You are probably overwhelmed with hearing about politicians or successful businessmen who boast of sleeping a little, thus increasing their productivity. However, according to neuroscientist Matthew Walter, in statements to the BBC News, this is not at all admirable and does harm to the body and brain …
The findings of science so far point out that the shorter the sleep time, the shorter the life will be – says Walker, a professor of neuroscience and psychology at the University of Berkeley in the United States and author of Why We Sleep, .
In fact, sleeping is so beneficial that Walker began to pressure doctors to prescribe this ‘treatment’ to their patients.
However, such induction to sleep should naturally occur. Several studies have linked sleeping pills to an increased risk of cancer, inflammation of the body and consequently mortality.
What happens when you spend a clear night?
When you sleep the process is similar to a review you would make to your car or to an appliance. The physiological systems of the body are checked and regenerated – through cell renewal that occurs during the resting state.
Walker warns that many of the deadly diseases that affect mankind are directly related to lack of sleep, namely Alzheimer’s, cardiovascular disease, cancer, diabetes, obesity, depression, anxiety and even suicidal propensity.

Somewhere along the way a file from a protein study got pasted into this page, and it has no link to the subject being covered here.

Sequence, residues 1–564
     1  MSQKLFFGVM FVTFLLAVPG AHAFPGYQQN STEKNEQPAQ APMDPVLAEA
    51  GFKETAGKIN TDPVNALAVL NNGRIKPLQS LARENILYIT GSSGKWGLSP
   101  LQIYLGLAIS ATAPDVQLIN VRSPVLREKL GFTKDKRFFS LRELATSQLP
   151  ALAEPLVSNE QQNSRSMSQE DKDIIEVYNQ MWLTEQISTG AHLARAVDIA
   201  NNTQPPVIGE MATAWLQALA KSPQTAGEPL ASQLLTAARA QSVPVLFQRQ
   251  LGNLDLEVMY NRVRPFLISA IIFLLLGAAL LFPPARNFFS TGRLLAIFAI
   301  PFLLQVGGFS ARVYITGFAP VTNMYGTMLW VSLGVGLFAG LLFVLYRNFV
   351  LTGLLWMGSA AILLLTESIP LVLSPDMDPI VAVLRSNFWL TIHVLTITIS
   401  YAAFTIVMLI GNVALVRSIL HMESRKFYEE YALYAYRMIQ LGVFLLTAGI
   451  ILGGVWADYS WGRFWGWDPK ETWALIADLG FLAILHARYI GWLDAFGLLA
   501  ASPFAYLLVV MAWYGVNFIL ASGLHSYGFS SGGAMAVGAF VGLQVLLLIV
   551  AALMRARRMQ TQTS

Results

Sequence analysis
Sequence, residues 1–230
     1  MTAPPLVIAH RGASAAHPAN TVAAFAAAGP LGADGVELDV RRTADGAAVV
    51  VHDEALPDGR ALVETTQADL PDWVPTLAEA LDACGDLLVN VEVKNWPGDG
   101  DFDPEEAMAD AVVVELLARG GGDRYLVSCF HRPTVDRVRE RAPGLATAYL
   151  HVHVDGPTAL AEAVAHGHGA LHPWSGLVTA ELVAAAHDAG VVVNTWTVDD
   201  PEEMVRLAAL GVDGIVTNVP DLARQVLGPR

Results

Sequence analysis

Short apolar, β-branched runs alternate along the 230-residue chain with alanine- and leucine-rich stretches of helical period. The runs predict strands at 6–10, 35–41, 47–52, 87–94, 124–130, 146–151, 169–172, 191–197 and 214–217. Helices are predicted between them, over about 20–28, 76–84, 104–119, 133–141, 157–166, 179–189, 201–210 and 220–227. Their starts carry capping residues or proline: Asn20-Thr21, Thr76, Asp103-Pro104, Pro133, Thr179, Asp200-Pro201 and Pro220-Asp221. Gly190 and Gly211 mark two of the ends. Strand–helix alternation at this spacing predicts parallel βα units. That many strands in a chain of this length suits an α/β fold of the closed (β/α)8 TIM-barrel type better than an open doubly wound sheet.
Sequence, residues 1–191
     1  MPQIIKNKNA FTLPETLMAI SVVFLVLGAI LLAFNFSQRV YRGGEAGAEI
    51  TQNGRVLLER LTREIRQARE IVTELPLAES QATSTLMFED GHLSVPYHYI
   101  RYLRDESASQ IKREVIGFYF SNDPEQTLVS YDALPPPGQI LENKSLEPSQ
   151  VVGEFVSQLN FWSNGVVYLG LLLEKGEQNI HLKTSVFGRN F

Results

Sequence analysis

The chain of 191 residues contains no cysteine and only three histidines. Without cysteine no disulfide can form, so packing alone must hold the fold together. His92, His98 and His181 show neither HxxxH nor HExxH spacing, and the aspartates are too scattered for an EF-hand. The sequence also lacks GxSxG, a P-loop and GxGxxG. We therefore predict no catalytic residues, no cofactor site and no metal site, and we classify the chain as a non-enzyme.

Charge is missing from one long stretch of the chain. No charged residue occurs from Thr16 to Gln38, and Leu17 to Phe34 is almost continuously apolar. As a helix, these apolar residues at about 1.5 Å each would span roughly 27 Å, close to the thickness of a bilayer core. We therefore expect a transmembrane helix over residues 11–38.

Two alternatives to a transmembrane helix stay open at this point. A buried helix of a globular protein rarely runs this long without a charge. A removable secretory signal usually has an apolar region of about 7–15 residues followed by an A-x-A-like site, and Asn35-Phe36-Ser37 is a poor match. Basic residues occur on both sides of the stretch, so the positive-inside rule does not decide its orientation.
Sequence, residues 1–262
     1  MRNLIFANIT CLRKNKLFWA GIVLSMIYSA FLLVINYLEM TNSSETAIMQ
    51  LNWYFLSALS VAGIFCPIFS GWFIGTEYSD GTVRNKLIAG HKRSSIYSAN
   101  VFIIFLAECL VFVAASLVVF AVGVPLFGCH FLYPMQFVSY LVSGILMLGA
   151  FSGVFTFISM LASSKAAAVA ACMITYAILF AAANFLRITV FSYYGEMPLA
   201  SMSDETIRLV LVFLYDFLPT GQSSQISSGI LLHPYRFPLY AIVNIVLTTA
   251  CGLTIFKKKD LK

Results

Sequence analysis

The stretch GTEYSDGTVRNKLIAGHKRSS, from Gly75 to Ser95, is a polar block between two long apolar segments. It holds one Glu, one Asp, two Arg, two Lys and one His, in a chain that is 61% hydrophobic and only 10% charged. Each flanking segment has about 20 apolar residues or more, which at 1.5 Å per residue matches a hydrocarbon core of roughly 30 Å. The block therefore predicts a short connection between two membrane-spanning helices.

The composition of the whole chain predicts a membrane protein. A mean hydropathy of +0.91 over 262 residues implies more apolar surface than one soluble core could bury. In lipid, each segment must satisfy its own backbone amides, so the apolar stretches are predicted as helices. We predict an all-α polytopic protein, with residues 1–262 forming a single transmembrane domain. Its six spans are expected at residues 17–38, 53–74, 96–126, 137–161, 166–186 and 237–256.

How many hours should we sleep for the body to regenerate?
You should sleep at least seven to nine hours a day. If you sleep less than seven hours, the immune system and cognitive performance will begin to be affected.
After being awake for 20 hours in a row, he will feel as incapacitated as if he were drunk – so much so that one of the problems with sleep deprivation is that most people do not immediately realize the harm it causes, explains the specialist.
Is it possible to make up for lost hours of sleep?
No. Sleep is not like a bank, in which you can accumulate a debt and then repay it.
But that’s what a lot of people do, Walker says: “They get little sleep during the week and expect to recover from those hours over the weekend. This is what we call ‘social jet lag’ or even ‘sleep bulimia’.
Instead, the academician recommends that you change your habits.
Studies have shown that people who had not slept well before, but who changed their routine and started to sleep more, thus avoided the degenerative deterioration and the incidence of Alzheimer’s disease for more than ten years compared to those who maintained an insufficient sleep pattern.